The Netherlands / Monument
The Evacuation monument reminds Lomm's inhabitants of the general evacuation of the local population in January 1945. This cross was placed in gratitude for their safe return and Lomm's liberation.
After a successful advance through northern France and Belgium, the Americans of the 30th infantry 'Old Hickory' had succeeded in liberating most of South Limburg. On 17 September 1944, the Allies wanted to conquer a bridgehead over the major rivers in the Netherlands from Belgium by means of a major offensive (operation 'Market Garden') by securing bridges in North Brabant and Gelderland with airborne troops in a lightning-fast attack. From Belgium, ground troops had to advance over the captured bridges to the IJsselmeer.
Three complete divisions were dropped: the 101st U.S. Airborne Division at Eindhoven and Veghel, the 82nd U.S. Airborne Division at Grave and Groesbeek and the 1st British Airborne Division at Arnhem and Oosterbeek. For the Americans, everything went pretty well. The bridges over the Maas and the Maas-Waal canal near Heumen as well as most bridges near Eindhoven fell into their hands. After a hard battle, the Waal bridge near Nijmegen was also a success. But the Rhine bridge near Arnhem turned out to be one bridge too many. The British paratroopers were surprised by German armoured troops and had to retreat to the Betuwe after heavy losses.
On 19 September, the American advance also stagnated in South Limburg, a few kilometres north of Sittard. The occupier had taken a stand at two bridgeheads: one on the west bank of the Maas in North and Central Limburg and one in the area between Roermond and Susteren, bordered by the Roer and the Maas (also known as the 'Roer triangle'). In the following months, a heavy and bloody battle ensued on this front line, from which the civilian population suffered greatly.
In the evening of 13 January 1945, the inhabitants of the Arcen and Velden municipalities were given an ultimatum: the next morning everyone had to leave for Straelen in Germany, where trains would be ready to take the evacuees to the northern provinces. This way, the area would be more defensible. Heinrich Himmler's daily order urged the military to: “Treat people well and remember they are Germans who will belong to the Empire in the future.” The next morning, the civilians were chased out of their homes and emergency quarters by 300 members of the Grüne Polizei (Green Police), with 25 kilograms of luggage per person.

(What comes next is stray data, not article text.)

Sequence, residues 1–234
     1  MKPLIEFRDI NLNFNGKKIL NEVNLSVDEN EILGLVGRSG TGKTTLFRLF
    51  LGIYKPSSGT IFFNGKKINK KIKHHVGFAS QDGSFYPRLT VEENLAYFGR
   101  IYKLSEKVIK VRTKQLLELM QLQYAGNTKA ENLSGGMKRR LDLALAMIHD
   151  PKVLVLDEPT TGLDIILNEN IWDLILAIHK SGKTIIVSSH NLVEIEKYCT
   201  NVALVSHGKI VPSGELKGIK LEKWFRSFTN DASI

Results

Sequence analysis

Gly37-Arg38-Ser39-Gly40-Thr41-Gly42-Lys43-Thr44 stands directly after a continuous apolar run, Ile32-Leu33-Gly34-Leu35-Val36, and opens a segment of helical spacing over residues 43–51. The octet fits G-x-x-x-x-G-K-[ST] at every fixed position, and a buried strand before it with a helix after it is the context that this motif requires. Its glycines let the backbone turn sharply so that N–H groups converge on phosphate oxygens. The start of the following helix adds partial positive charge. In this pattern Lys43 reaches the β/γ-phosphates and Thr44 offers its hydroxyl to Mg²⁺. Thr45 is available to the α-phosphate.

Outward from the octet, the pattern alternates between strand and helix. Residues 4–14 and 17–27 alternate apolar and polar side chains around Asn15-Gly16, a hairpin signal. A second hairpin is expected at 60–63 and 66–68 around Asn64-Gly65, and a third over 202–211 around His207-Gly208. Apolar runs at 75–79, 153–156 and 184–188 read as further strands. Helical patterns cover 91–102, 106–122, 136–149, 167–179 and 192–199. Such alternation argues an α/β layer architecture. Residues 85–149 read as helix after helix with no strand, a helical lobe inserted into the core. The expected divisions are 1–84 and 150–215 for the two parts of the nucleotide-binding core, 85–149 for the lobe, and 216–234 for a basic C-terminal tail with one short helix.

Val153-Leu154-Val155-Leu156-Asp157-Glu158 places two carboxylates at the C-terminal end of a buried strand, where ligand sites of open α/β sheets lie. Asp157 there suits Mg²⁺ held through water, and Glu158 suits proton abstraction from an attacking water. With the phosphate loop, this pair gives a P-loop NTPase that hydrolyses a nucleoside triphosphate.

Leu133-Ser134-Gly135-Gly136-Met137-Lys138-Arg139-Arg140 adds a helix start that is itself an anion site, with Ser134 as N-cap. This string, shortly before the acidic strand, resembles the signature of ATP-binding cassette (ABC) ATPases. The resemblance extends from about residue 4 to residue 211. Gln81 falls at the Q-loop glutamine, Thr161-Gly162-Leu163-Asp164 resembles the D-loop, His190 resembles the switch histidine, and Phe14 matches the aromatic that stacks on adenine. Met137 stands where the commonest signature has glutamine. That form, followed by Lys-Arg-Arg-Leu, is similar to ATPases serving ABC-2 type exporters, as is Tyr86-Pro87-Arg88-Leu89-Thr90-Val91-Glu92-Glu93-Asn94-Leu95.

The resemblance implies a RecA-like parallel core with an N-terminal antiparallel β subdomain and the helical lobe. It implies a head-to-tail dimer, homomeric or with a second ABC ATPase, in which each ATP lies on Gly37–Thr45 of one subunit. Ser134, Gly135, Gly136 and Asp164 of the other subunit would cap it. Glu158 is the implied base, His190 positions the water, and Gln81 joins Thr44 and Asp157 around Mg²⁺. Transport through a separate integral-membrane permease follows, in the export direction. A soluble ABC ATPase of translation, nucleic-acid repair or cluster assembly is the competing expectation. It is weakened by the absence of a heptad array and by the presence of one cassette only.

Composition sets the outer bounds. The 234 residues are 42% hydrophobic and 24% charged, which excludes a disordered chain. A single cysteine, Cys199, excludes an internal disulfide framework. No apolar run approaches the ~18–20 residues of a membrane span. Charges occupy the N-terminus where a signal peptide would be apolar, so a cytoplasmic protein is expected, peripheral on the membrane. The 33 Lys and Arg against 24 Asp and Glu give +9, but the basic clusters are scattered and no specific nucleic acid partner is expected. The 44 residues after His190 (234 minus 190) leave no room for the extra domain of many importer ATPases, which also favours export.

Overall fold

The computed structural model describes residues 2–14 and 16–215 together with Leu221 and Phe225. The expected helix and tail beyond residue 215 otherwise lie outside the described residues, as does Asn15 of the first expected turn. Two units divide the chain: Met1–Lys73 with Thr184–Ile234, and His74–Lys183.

Eight inhabitants of Velden tried to cross the Maas to the liberated west bank. Two of them were able to reach the other side with a canoe, but subsequent attempts failed. When one of the refugees jumped into the cold water, he was shot at by German soldiers. No one ever saw him again. The others were stopped on the east bank and taken to a German guard post to be executed. During the trip, one of the inhabitants of Velden fell into a trench. As a result, he and a fellow refugee who rushed in, ended up walking behind a German soldier. Together they overpowered the soldier and made him roll into a canal unconsciously. The next morning, they left for Straelen with their relatives.
The inhabitants of Lomm were subjected to a difficult walk of eleven kilometres that ran to Germany via the snow-covered Hanikerweg (Haniker road). Pets walked along for a while, but eventually stayed behind, lonely and dazed. Barely crossing the border, processions of German horses and carts already met the advancing evacuees to plunder the houses and farms in Arcen, Lomm, Velden and Schandelo. The exhausted people were constantly hounded by the Grüne Polizei.
In Straelen, people were only put in cattle wagons after hours of waiting. At the bottom of the wagons was a frozen mixture of cow dung, horse dung and straw, which melted under their warm bodies. Via Winterswijk and Zwolle, the evacuees arrived in the three northern provinces. After that, the evacuees were spread over many villages and hamlets. Only in the course of the month of May could most of them return to North Limburg.